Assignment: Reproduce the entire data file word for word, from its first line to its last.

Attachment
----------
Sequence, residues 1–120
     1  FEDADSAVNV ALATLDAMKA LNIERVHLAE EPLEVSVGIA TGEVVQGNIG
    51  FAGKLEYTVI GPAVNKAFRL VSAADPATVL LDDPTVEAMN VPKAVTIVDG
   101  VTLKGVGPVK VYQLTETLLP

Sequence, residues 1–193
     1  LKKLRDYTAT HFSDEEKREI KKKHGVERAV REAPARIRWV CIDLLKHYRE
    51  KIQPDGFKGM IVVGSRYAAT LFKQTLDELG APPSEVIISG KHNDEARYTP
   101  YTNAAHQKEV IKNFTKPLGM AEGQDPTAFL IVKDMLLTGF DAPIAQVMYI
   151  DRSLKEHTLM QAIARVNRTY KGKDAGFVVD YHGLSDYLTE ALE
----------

Sequence, residues 1–120
     1  FEDADSAVNV ALATLDAMKA LNIERVHLAE EPLEVSVGIA TGEVVQGNIG
    51  FAGKLEYTVI GPAVNKAFRL VSAADPATVL LDDPTVEAMN VPKAVTIVDG
   101  VTLKGVGPVK VYQLTETLLP

Sequence, residues 1–193
     1  LKKLRDYTAT HFSDEEKREI KKKHGVERAV REAPARIRWV CIDLLKHYRE
    51  KIQPDGFKGM IVVGSRYAAT LFKQTLDELG APPSEVIISG KHNDEARYTP
   101  YTNAAHQKEV IKNFTKPLGM AEGQDPTAFL IVKDMLLTGF DAPIAQVMYI
   151  DRSLKEHTLM QAIARVNRTY KGKDAGFVVD YHGLSDYLTE ALE